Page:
US Bipartisan & Bicameral bill supports peaceful end to Tibet-China Conflict

This year the US Legislature has a golden opportunity to advance the reasonable goal of a negotiated agreement on Tibet through dialogue between Tibetan Leadership and the Chinese government by passing the "Promoting of Resolution to the Tibet-China Conflict Act" (H.R.533/S.138). US citizens may raise their voices in support of this law. You may send a message of support to your Representative or to your Senator just by filling in his/her name in a note already drafted here: After you fill in your personal information, just push on "Send Your Message". It only takes a couple of minutes!

Rep. Michael McCaul (R-TX)Washington DC, May 29.– U.S. Rep. Michael McCaul (R-TX) and U.S. Sen. Todd Young (R-IN) unveiled a bipartisan, bicameral bill to amend federal law promoting dialogue between the Dalai Lama and the PRC.

Sen. Todd Young (R-IN)The Chinese Communist Party continues to oppress the Tibetan people. Tibetans are subject to the CCP’s mass surveillance and censorship tactics and are arbitrarily killed or imprisoned for expressing their desire for freedom,” Rep. McCaul said. “I am proud to introduce this bipartisan bill to reject the CCP’s claims that their tyranny over Tibet is legitimate and will assert the Tibetan people have a say in their own future.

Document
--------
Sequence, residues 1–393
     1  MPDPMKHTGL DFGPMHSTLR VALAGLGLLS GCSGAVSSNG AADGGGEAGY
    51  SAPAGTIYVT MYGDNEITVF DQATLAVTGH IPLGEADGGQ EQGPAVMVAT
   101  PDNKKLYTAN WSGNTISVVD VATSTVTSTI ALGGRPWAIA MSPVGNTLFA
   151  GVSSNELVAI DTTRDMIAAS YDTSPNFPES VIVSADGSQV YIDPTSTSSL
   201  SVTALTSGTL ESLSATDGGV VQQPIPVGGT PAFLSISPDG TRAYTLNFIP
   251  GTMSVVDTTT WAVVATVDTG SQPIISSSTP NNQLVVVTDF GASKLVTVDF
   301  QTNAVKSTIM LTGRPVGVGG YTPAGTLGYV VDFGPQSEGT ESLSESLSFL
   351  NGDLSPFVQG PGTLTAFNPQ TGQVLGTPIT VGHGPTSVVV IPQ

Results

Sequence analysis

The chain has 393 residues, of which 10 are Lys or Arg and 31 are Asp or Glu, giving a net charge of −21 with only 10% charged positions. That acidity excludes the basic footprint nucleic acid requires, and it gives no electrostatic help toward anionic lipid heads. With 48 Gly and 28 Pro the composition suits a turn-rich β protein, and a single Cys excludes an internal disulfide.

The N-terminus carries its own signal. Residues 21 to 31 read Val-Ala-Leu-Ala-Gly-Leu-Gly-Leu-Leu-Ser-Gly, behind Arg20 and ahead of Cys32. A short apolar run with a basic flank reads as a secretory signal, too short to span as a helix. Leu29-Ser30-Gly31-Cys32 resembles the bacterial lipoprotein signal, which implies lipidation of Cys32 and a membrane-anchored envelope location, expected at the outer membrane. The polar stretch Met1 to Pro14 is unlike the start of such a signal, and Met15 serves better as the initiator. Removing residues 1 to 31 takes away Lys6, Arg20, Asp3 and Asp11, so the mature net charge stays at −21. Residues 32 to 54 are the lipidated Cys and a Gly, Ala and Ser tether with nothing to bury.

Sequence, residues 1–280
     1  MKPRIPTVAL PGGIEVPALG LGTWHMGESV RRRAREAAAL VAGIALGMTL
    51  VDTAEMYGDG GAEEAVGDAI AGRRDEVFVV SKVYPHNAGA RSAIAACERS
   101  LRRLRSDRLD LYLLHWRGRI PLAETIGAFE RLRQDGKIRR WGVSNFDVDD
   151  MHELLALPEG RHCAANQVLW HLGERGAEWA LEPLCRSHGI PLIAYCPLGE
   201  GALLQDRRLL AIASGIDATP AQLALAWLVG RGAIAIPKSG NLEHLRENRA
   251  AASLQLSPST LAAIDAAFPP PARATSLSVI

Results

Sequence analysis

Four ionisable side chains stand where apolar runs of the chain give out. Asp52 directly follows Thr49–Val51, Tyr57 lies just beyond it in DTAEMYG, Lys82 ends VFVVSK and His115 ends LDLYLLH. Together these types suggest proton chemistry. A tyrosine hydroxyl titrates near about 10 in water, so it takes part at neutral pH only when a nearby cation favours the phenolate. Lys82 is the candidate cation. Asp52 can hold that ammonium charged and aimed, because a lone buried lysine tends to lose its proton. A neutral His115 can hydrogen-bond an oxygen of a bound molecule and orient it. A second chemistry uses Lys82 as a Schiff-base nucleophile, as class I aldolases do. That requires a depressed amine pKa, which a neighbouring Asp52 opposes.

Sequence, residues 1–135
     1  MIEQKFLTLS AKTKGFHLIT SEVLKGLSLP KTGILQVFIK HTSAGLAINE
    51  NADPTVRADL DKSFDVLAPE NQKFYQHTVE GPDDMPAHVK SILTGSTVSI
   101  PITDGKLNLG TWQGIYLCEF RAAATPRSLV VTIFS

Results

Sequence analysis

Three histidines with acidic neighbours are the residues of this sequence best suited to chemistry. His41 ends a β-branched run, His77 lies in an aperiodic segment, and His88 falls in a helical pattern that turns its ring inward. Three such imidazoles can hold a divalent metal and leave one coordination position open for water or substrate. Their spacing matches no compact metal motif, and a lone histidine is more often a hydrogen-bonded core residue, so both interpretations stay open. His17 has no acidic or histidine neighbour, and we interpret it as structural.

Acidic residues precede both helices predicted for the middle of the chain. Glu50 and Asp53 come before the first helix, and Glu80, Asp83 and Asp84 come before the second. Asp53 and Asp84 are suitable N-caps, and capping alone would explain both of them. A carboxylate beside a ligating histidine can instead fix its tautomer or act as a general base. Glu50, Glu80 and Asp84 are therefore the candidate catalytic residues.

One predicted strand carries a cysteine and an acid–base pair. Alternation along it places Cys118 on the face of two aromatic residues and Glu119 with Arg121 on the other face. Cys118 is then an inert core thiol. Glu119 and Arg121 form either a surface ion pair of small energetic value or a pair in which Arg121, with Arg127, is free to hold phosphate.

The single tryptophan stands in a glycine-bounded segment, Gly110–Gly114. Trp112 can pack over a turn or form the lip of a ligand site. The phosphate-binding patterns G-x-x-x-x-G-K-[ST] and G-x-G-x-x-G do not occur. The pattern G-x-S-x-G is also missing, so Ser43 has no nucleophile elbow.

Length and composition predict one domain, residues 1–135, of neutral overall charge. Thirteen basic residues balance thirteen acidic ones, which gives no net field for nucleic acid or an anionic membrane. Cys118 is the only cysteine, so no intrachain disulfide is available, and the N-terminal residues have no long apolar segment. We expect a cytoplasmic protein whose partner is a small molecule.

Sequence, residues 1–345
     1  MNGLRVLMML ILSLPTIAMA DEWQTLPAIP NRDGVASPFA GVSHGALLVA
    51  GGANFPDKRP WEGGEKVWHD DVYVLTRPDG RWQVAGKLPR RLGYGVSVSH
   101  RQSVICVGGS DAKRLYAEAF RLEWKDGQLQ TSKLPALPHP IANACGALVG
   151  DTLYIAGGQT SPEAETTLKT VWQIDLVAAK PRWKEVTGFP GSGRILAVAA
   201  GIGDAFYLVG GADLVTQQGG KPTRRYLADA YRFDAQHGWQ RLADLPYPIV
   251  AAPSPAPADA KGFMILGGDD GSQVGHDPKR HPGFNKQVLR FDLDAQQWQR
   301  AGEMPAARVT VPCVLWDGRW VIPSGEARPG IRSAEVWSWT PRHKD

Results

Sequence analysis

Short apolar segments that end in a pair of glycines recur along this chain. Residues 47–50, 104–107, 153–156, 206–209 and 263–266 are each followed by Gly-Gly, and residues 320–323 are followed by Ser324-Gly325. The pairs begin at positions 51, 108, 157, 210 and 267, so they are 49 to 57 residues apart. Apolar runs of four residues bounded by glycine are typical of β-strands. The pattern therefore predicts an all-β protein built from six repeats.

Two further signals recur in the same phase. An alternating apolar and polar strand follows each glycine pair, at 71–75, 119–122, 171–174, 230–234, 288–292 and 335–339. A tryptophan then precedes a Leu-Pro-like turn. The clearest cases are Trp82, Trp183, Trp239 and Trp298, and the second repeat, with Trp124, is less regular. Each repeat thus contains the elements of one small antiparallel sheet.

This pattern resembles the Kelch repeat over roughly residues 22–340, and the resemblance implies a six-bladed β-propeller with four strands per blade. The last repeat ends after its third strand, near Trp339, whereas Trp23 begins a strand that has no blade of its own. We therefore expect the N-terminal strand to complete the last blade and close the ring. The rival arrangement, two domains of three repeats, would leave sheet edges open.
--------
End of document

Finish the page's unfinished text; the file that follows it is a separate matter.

The Promoting a Resolution to the Tibet-China Conflict Act, H.R. 533/S.138, seeks to empower the United States government to achieve its long-standing goal of helping Tibetans and PRC authorities peacefully resolve their differences through dialogue, according to a bill summary provided by the lawmakers, which notes that there has been no formal dialogue between the two since 2010.

Rep. McCaul on Jan. 26 signed on as the original cosponsor of H.R. 533 with bill sponsor U.S. Rep. Jim McGovern (D-MA), while Sen. Young on Jan. 30 was the original cosponsor of S. 138 with bill sponsor U.S. Sen. Jeff Merkley (D-OR).

The CCP’s aggression toward Tibet is self-serving, with negotiations and even the very definition of Tibet on the CCP’s terms. We must refresh U.S. policy toward Tibet, and push for negotiations that advance freedoms for the Tibetan people and peaceful resolution to the CCP’s conflict with the Dalai Lama,” Sen. Young said. “Putting this bill forward again demonstrates America’s resolve that the CCP’s status quo — both in Tibet and elsewhere — is not acceptable.

If enacted, the bill would make it U.S. policy that the Tibetan people are a people entitled to the right of self-determination under international law and that their ability to exercise this right is precluded by the current PRC policies, according to the text of the bill, and that the legal status of Tibet remains to be determined in accordance with international law.

Among several other provisions, the measure also would direct the U.S. State Department’s Special Coordinator for Tibetan Issues to ensure that U.S. government statements and documents counter disinformation about Tibet from PRC officials, including disinformation about the history of Tibet, the Tibetan people, and Tibetan institutions including that of the Dalai Lama, the text says.

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